Math 100COSC 49/149
Topics in Probability:
Instructor: Prof. Peter Winkler (peter.winkler at dartmouth.edu)
TA: Ewa Infeld (Ewa.J.Infeld.GR at dartmouth.edu)
Abstract  Classes  Staff  Textbooks  Grading  News and current assignment  Past assignments  Exams  Honor Code
News 
Xhour this week, noon Thursday in Kemeny 008. Class also on Wednesday and Friday at 10, as usual, but not Saturday. 

Abstract 
Game Theory is one of the great accomplishments of modern mathematics, with myriad applications to economics, computer science, political science, decision theory, warfare, and more. This course will tackle the key results in each of the main branches of game theory, using a variety of mathematical techniques. We will begin with the simplest and most famous game model: twoplayer, simultaneous, onemove games such as the "prisoners' dilemma," and the notion of Nash equilibrium. (Sadly, John Nash, a "beautiful mind," recently lost his life in a car crash on the NJ Turnpike.) From this we will branch out to multiple players, repeated games, auctions, voting, and mechanism design. Prerequisites: Mathematical background of a senior mathematics major or a
beginning graduate student in mathematics or theoretical computer science; including
a course in probability (e.g., MATH 20 or Math 60). If in doubt, please see the instructor. Dist: QDS.
Here is a (tentative) rough weekly syllabus.


Classes 
Room: Kemeny Hall 008 

Staff 


Textbooks 
Steven Tadelis, Game Theory: An Introduction, Princeton University Press, 2012. 

Grading 
Your grade will be based on homework, class participation, and either a project or a final exam (depending on class size). 

Exams 
There may be unannounced inclass quizzes,
just to make sure everyone is keeping up. 

Homework 
Homework will be assigned at each class period, due at the beginning of the next class.


Assignments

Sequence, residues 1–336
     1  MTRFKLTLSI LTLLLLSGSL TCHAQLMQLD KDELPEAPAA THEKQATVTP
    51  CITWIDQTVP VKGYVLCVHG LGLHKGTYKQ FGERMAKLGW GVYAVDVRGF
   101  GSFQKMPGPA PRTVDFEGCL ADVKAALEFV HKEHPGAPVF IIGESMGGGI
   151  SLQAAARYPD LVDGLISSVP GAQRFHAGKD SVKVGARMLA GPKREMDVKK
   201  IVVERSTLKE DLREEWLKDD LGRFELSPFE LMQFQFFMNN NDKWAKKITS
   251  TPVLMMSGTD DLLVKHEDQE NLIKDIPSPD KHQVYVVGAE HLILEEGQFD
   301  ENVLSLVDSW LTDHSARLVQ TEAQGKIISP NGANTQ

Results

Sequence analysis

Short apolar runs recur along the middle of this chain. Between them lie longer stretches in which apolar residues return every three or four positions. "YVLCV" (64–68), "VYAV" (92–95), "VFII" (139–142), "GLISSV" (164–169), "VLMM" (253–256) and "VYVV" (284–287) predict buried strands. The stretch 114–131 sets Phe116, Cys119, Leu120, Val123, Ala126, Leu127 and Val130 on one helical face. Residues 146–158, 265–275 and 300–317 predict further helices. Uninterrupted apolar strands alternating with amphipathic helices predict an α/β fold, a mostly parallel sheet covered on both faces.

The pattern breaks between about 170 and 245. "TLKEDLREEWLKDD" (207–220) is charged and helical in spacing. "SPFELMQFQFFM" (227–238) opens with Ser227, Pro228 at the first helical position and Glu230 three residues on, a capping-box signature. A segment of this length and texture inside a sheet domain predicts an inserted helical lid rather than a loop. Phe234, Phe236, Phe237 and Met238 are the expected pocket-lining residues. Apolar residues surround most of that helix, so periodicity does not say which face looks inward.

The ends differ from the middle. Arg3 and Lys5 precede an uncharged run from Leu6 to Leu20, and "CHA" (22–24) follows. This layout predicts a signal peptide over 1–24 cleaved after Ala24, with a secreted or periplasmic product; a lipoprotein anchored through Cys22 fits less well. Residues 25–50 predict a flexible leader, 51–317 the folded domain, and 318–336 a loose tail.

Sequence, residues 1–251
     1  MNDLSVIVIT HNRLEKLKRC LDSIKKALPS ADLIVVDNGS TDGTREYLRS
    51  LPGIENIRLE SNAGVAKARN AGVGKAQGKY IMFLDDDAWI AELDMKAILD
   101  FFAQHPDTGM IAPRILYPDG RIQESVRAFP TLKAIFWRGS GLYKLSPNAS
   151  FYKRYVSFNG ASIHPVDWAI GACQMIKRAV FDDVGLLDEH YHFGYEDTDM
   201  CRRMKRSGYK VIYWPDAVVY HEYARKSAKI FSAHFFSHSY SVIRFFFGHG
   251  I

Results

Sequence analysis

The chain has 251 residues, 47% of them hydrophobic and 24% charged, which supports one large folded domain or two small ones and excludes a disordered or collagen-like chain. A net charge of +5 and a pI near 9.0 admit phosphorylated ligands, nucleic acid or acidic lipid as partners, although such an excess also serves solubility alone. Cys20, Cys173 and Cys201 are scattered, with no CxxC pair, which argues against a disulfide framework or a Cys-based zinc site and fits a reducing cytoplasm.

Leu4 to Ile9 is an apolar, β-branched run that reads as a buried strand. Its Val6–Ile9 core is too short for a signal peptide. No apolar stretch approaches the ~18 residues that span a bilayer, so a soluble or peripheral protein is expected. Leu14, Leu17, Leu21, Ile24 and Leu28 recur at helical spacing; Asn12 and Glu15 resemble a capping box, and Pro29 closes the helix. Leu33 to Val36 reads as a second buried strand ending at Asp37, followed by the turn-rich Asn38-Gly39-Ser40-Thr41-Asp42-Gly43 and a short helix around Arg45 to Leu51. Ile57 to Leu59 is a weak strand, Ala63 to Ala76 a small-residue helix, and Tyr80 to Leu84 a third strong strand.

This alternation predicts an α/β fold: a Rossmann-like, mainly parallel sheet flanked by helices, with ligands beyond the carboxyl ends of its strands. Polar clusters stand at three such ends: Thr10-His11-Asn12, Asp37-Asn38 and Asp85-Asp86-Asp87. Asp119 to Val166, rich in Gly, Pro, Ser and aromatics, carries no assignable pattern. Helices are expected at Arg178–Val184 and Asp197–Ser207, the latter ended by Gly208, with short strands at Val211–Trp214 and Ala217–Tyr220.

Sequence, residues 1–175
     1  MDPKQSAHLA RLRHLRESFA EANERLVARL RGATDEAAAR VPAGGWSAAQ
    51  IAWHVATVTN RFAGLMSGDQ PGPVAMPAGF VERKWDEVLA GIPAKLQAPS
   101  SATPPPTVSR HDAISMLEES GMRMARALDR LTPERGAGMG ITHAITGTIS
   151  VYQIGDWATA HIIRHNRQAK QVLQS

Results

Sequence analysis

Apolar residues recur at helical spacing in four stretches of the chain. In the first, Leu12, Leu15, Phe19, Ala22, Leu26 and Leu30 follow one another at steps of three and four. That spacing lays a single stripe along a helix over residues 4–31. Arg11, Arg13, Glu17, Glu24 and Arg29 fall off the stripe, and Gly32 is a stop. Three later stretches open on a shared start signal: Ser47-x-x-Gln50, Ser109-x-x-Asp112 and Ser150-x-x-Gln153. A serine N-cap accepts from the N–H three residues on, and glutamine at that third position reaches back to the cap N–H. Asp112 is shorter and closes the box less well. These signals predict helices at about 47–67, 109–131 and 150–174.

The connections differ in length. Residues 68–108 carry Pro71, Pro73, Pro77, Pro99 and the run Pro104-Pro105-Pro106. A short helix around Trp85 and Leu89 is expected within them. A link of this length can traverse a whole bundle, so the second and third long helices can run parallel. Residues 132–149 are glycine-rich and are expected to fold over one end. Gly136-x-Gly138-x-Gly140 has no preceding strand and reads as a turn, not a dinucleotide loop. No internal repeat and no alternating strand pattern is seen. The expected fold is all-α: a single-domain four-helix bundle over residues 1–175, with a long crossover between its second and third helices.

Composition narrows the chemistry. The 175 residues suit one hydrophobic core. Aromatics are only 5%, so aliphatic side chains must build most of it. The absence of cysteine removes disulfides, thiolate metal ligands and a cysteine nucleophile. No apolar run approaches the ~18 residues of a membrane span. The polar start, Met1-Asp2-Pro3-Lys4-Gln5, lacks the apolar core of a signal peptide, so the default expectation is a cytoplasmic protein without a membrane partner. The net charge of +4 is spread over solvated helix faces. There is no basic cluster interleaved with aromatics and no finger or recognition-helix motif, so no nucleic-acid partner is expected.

Due Friday Sept 18: Read the first three chapters of the text, and: Count games: Compute the number of different games between two players, each with two possible actions, and in which each player's payoffs for the four possible profiles are different. Since only the order of the payoffs matters, you can assume (if you wish) that the payoffs are 0, 1, 2 and 3. But notice that switching rows (i.e., relabeling Player 1's actions) or columns (Player 2's actions) does not change the game, nor does interchanging the roles of the two players. Due Monday Sept 21: Read Chapter 4 of the text, and: Prove that equilibrium solutions are IESDS solutions: For two player games (more, if you want), with finitely many actions for each player, show that equilibrium profilesthat is, profiles in which neither player would wish to change strategy if the other stayed putwill never be elimimated by IESDS. Putting it another way, no player will have a dominated strategy that's part of an equilibrium profile. Due Wednesday Sept 23: Do Exercise 3.7, p. 58. Due Friday Sept 25: Reread Chapters 1 and 2, and do Exercise 2.5, p. 34. Due Monday Sept 28: Disprove the remark on the bottom of p. 75 of your text, by supplying a 2player game in which rationalizability results in strictly fewer solutions than IESDS. Mixed strategies are not considered here. If you feel up to it, try to make the game symmetric. Due Wednesday Sept 30: Read Chapters 4 and 5, and do Exercise 5.9, p. 97. Due Thursday Oct 1: Do Exercise 5.17, p. 100, and begin reading Chapter 6. Due Monday Oct 5: Do Exercise 6.5 (Cops and Robbers), p. 124, and continue reading Chapter 6. Due Wednesday Oct 7: Do Exercise 6.7 (Grad School Competition), p. 124, and finish reading Chapter 6. Due Friday Oct 9: Alice has a choice between playing "Odds and Evens" for $1 or for $1000, and of course a choice between putting out one finger or two. Bob has the latter choice. Trouble is, Alice can't really afford to lose $1000; she estimates that her utility for doing so is 1500. Complete the analysis of this game, considering all strategies pure and mixed, using (a) IESDS, and (b) rationalizability. Due Monday Oct 12: Do Exercise 6.11 (Bribes), p. 126, and finish reading Chapter 6. Due Wednesday Oct 14: Use Kakutani's Fixed Point Theorem to prove that a symmetric twoplayer game, in which each player has the same finite choice of actions, has a (mixed) symmetric Nash equilibrium. Due Friday Oct 16: Do Exercise 6.9, p. 125, completely by yourself. Due Monday Oct 19: Do Exercise 7.5 (Veto Power), p. 148, and read Chapter 7. Due Wednesday Oct 21: Do Exercise 8.5 (Technology Adoption), p. 170, and read Chapter 8 through 8.3.3. Due Thursday Oct 22: Do Exercise 8.11 (RA Selection with a Twist), p. 172, and finish reading Chapter 8. Due Friday Oct 23: Analyze the game of Turndie to determine whether you should opt to play first or second. (You must decide before the die is rolled.) Due Monday Oct 26: (a) Analyze the subtraction game where Alice and Bob begin with n and each in turn subtracts either 2, 3, or 4, with the object leaving a nonnegative number (so that the first person to hit a negative number loses). By analyze, I mean identify the P and N positions and prove correctness. (b) Do the same for the game where no player is allowed to subtract the number that was last subtracted. Due Wednesday Oct 28: Read Chapter 9 and do Exercise 9.3. Due Friday Oct 30: Read Chapter 10 and do Exercise 10.3. Due Monday Nov 2: Read Chapter 11 and do Exercise 11.7 (Legislative Bargaining Revisited). Due Wednesday Nov 4: You get to make one bid on a rug that's worth $250 to you, but whose value to the owner is a random variable with triangular density between $150 and $250, value 0 at the ends, and peak at $200. How much should you bid? Due Friday Nov 6: Read Chapter 12 and do Exercise 12.5 (Not All That Glitters). Start reading Chapter 13, too, if you like. Due Monday Nov 9: Read 13.1 and do Exercise 13.3 (Reserve Prices). Due Wednesday Nov 11: In a secondprice sealedbid auction where each of the N players has independent private value uniform in [0,1], with the object destined to be destroyed if it is not sold, what should the reserve price be to maximize expected revenue? Due Friday Nov 13: Finish reading Chapter 13 and do Exercise 13.6 (3rdPrice Auction). Due Monday Nov 16: Read Chapter 14 do Exercise 14.1 (Brothers).